Bolivia’s creative potential

In a world where globalization and technology are changing the labor market, some traditional jobs have evolved or tend to be replaced by technology. However, creativity is a human characteristic that cannot be easily replaced by algorithms.

Photo: Lesly Derksen
Photo: Lesly Derksen

The famous Spanish painter Pablo Picasso once said: “Every child is an artist, the problem is to stay an artist when you grow up. This phrase reflects the reality of many creatives and artists in Bolivia. Creativity and talent are an intrinsic characteristic of the Bolivian and we can see it in the different artistic and creative expressions that characterize us, such as the recent International Theatre Festival.

Although we are sure that we have talent, the key lies in the process in which this creativity/talent is transformed and generates quality jobs.

While creativity is an asset to every worker’s profile, there is a creative sector par excellence. This ranges from video game creators to architects, whose main protagonist is the human being and who generate inclusive businesses that do not respond (like other traditional sectors) to the sudden changes in international prices. We are talking about the orange economy.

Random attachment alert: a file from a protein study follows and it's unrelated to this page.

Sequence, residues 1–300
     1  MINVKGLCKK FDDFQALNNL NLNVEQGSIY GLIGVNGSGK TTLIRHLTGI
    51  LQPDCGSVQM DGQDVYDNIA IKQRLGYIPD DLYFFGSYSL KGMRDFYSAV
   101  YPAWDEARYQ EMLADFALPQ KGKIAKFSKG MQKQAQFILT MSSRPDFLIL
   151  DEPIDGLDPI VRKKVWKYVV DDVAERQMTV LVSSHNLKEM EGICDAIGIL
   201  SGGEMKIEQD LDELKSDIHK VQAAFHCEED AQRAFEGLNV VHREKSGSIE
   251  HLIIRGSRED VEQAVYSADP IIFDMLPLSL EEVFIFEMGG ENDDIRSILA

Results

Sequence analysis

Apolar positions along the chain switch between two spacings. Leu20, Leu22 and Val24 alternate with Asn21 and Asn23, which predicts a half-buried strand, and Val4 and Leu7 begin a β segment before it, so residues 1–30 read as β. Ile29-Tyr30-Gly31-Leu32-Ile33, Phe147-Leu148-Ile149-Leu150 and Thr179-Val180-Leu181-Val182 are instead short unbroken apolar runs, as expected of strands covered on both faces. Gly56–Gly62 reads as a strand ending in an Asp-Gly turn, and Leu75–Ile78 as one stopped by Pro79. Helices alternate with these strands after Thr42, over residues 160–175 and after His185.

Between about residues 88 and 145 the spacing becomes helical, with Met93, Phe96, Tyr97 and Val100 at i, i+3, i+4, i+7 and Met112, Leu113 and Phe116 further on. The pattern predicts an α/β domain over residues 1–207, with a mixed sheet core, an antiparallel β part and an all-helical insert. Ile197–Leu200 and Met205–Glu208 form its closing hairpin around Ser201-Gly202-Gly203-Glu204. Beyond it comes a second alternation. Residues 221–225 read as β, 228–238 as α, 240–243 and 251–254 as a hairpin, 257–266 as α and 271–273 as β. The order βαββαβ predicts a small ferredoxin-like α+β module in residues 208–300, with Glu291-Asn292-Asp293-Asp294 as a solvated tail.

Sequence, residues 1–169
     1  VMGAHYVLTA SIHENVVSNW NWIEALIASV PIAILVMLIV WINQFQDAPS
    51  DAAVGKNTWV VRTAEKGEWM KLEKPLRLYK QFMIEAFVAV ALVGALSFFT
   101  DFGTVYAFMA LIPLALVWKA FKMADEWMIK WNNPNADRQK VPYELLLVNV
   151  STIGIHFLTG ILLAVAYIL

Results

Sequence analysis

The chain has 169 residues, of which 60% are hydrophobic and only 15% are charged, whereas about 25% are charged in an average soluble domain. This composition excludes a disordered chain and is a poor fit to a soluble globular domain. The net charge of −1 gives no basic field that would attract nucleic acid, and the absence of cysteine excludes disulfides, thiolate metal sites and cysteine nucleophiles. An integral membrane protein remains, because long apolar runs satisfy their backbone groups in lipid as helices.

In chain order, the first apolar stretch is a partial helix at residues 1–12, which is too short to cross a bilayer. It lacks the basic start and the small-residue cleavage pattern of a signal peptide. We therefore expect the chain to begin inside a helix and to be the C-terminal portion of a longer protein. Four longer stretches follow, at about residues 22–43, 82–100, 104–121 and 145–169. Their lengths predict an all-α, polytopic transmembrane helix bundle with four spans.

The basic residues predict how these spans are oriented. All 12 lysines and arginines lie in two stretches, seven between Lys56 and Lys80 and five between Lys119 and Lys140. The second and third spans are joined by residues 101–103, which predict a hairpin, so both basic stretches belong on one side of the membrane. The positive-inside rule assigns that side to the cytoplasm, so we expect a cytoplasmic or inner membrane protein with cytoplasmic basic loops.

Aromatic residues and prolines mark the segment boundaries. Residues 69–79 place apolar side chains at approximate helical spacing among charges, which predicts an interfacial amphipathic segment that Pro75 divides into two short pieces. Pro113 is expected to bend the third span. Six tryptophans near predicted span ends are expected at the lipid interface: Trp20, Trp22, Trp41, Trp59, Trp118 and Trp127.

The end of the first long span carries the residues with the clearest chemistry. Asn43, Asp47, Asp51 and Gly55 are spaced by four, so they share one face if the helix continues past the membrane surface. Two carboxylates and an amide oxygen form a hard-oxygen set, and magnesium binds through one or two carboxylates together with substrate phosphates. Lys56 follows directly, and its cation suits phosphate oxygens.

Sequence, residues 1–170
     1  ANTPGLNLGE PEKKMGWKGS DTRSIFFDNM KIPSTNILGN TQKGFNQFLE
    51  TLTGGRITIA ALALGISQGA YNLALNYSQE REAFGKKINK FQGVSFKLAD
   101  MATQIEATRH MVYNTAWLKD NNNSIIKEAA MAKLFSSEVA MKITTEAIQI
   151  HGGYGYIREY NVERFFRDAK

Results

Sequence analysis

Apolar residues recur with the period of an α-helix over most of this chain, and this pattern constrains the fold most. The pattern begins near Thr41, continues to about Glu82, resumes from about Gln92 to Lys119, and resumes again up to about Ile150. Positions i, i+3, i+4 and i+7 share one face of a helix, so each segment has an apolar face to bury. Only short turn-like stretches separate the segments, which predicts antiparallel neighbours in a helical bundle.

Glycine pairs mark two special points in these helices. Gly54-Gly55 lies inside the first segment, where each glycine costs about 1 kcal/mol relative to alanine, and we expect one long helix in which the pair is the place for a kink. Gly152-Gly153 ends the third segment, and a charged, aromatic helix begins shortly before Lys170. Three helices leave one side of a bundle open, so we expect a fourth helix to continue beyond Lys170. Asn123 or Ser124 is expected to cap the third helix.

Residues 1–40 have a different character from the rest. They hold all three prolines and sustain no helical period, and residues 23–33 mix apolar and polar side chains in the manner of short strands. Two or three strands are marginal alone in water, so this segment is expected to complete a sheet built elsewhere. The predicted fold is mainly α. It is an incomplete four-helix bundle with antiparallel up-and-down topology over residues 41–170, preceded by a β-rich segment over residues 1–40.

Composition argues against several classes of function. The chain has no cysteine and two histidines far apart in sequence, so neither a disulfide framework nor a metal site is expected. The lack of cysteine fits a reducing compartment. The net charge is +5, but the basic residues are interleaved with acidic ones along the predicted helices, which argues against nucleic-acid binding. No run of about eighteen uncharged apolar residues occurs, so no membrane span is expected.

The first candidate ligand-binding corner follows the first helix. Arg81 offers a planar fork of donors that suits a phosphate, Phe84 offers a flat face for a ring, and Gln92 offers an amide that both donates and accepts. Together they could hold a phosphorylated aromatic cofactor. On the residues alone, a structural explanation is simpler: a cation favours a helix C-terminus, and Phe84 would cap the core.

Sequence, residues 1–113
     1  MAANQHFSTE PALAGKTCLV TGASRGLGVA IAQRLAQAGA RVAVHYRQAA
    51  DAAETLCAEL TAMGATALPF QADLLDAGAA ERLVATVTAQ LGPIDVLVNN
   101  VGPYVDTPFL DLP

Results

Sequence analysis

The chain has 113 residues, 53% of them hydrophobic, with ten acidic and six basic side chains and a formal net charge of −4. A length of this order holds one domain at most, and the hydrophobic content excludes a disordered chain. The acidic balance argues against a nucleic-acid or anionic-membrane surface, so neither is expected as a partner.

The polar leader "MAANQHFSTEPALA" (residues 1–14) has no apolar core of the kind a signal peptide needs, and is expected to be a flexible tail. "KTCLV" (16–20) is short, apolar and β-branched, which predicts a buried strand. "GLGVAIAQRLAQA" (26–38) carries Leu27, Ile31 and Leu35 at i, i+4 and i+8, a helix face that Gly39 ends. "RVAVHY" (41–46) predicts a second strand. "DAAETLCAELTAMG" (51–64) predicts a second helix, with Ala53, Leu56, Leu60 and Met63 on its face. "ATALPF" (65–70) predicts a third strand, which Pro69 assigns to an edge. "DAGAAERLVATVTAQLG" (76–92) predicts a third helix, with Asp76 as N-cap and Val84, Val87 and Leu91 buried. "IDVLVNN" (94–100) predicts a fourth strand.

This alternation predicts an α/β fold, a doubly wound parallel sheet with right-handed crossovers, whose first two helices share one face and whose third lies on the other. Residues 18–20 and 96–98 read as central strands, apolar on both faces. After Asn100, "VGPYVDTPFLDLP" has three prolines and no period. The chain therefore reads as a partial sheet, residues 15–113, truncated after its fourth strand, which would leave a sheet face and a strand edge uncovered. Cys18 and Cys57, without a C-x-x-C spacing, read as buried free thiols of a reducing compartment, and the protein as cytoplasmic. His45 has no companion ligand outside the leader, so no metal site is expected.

This new and fresh concept has been the result of the work of researchers from the Inter-American Development Bank (IDB), including the current president of Colombia, Iván Duque.

It is defined as “the group of activities through which ideas are transformed into cultural and creative goods and services, whose value is or could be protected by intellectual property rights.

In Bolivia, in 2017, according to studies based on the Household Survey of the National Statistics Institute (INE), this sector had an approximate participation between 1 and 2% of the Gross Domestic Product and around 2% of national consumption. This indicates that there is an interesting demand for goods and services in the sector. In 2017, for example, the theater had around 288 thousand spectators, equivalent to 4% of the country’s population over 18 years of age, who paid an average of Bs 40 per ticket.

The creative sector has a lot of potential, given that the Bolivian labor force is quite young and, on the other hand, we have a great cultural and creative richness due to our multiethnic and pluricultural characteristic. In order to foster the growth of the sector, we must take a few steps. Perhaps the most important is the fair valorization of the work of our artists and entrepreneurs, attending festivals, consuming art and culture, employing designers at fair prices, paying for the shows of our musicians, and above all fostering in the younger generations a love for art and culture.

Author: Liliana Serrate. El Deber